Also, I have had veiled threats and things like that I’ve experienced from more powerful men in my industry. I think men have taken advantage of the fact that I am a woman to spend time with me to help me with my career. I’ve gone out for drinks that didn’t need to be hours long. I consider myself pretty lucky, and I hate to say lucky—there have been women who suffered a lot more trauma then I have.

I definitely relate to #MeToo. Every woman experiences this. Especially as a white woman, I feel like [I’m] in a place of privilege that I can speak about my own experiences, but I can also sing out and support other people who have had worse experience than I have.

What was the most difficult song for you to write, especially with the subject matter being new to you?

This is the thing about making a record that’s a little more personal; it is harder to answer truthfully. A lot of this record was challenging to write. A lot of songwriting sessions felt like therapy. Some of them were really emotional for me. Some tears were shed, which is a good thing. It’s a good sign that I’m hitting my own nerves and being vulnerable. “Mercy” was … painful for me to write. “Cage Without a Key” is a really emotional song for me. [They] felt like I was exposing raw nerves of being a songwriter. My job as a songwriter is to be vulnerable in the songwriting process and expose myself in the songwriting process, and hopefully the songs will reach somebody else and speak to somebody else’s experience.

“Cage Without a Key” is the gloomiest song on the album. You sing “set me free” like a plea. Who are you singing to?

It is like a plea. That song is about being a woman and our bodies and the extra weight of responsibilities women bear, no pun intended. Men can’t possibly relate to what it is to be the sex in change of having children. It’s a very different weight of responsibility. … When women are in desperate situations, who are they pleading to? I don’t know—the stars, or God or something. … If they are feeling stuck or in a cage; that’s definitely the emotion I was trying to express; of being stuck or pleading to the stars, or into an empty vacuum.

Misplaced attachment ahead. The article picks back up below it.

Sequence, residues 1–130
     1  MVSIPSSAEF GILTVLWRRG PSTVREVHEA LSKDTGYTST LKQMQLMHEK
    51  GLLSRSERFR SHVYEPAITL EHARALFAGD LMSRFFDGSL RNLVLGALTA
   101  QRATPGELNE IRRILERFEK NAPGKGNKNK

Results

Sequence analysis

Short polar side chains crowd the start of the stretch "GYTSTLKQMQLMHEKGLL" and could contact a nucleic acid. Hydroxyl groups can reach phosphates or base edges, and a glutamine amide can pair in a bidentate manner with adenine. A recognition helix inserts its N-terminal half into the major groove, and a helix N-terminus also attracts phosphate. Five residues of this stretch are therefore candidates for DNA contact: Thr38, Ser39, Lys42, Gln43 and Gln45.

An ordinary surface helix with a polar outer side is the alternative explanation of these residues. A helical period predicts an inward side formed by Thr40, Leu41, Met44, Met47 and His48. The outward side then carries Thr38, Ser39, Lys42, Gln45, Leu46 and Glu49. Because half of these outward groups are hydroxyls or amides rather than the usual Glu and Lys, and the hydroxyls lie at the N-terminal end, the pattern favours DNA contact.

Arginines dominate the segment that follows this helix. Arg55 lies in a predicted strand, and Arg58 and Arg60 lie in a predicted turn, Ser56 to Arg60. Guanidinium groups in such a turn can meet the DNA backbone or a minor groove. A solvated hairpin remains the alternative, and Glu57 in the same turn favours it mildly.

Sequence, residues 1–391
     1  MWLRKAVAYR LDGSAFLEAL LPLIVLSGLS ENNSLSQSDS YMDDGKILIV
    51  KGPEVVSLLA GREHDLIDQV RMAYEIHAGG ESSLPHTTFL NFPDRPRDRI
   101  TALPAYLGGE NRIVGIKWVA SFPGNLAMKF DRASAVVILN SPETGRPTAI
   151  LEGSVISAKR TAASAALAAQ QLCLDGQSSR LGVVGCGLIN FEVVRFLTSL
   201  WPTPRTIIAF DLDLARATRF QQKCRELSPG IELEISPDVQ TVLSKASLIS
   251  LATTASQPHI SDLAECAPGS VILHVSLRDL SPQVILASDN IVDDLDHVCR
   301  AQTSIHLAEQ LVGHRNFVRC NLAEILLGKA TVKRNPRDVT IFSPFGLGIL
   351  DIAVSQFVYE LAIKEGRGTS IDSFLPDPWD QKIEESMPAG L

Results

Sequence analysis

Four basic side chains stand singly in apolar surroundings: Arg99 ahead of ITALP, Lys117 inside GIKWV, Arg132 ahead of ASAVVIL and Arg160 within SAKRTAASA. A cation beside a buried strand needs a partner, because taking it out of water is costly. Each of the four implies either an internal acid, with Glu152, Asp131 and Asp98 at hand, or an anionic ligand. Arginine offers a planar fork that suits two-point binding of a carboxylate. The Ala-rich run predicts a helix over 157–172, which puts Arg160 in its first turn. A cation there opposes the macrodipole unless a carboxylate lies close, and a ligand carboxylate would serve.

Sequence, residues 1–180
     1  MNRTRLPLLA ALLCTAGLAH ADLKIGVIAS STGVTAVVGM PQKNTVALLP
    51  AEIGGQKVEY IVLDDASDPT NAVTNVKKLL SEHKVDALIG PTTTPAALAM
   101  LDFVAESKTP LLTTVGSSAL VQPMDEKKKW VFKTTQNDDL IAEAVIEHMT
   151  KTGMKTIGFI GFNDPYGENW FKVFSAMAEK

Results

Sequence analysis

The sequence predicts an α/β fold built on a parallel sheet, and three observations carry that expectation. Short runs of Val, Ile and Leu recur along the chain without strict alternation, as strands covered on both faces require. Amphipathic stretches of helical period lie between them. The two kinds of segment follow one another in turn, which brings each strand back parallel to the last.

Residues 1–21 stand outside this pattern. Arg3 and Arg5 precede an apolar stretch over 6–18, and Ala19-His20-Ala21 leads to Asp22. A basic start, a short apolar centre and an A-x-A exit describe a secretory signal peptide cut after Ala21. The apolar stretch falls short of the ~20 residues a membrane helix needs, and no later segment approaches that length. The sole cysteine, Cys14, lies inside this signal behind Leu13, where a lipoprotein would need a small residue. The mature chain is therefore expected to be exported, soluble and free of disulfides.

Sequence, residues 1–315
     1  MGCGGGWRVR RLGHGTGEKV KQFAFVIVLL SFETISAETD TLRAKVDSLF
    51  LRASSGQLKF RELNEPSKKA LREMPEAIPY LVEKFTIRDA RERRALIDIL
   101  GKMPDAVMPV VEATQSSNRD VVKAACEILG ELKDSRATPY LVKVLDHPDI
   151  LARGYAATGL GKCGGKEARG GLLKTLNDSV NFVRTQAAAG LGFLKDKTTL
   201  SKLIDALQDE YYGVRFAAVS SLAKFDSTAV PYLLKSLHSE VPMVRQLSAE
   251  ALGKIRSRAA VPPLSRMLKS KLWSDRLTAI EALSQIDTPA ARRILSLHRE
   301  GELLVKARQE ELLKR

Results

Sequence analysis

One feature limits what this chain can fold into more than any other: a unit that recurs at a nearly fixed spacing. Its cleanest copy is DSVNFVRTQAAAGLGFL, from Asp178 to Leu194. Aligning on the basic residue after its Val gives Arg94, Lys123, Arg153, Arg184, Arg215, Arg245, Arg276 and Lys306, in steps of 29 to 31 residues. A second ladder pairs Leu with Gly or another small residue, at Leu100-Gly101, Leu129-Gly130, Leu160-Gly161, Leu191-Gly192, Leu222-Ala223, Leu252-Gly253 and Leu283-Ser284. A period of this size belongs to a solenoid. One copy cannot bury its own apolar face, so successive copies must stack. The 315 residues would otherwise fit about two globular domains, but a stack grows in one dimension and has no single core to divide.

The album starts off very bold and fierce, but there’s a transition halfway through to a softer and more vulnerable side of the album. Where did this second narrative of forgiveness originate?

Isn’t there always a vulnerable side behind the fiercest of fierce women? Nobody is bold and fierce without having a vulnerable side. I think they’re very complimentary forces. I think the more vulnerable a person is, the fiercer they become, in a way. Even in the first few lines of the first song, “The Woman”: “She’s the woman/ The darkness and the light.” I view myself as having those two sides. I’ve exposed more of the lighter side in the past. … Lightness and darkness play and dance together. So do the bold and fierce with the vulnerable. Together, that’s what makes us human.

How has motherhood informed your musical journey?

It’s made me a way more dynamic person, and it’s made my life a lot more complicated. [Laughs]. I don’t sing about motherhood on this record, or [have] any songs about my kids. But for me, almost every aspect of what I’m singing on this record relates back to who I am and such a huge part of who I am is the fact that I am a mother. And I think that’s also some of the fierceness that comes out.

I feel that since becoming a mother, I have developed almost super-hero-level abilities. Anyone who is a mother has to be part super hero. It has given me a newfound sense of power. … It’s helped me tap into my crazy, incredible feminine power–like the power to give life. It is very empowering to give life. Becoming a mother has helped me tap into my power as a woman, and I think you hear that power all over the album.

Do you think people need to be more accommodating of women being parents and musicians?

A hundred percent; I absolutely think there needs to be more support for working mothers across industries. … A woman that I worked with … with my last record, she petitioned one of our local funding organizations in Canada, called FACTOR, to include on-tour support funding for parents that want to tour with their children and have a nanny on the road. … I’ve toured with them with my kids until they were both 2. I’ve done a lot of touring with babies and nannies. I credit her hard work to change the system for the better for women working in Canada.

Follow writer Tarandeep Kaur at Twitter.com/TarandeepKaur8 and Instagram.com/tokyotara.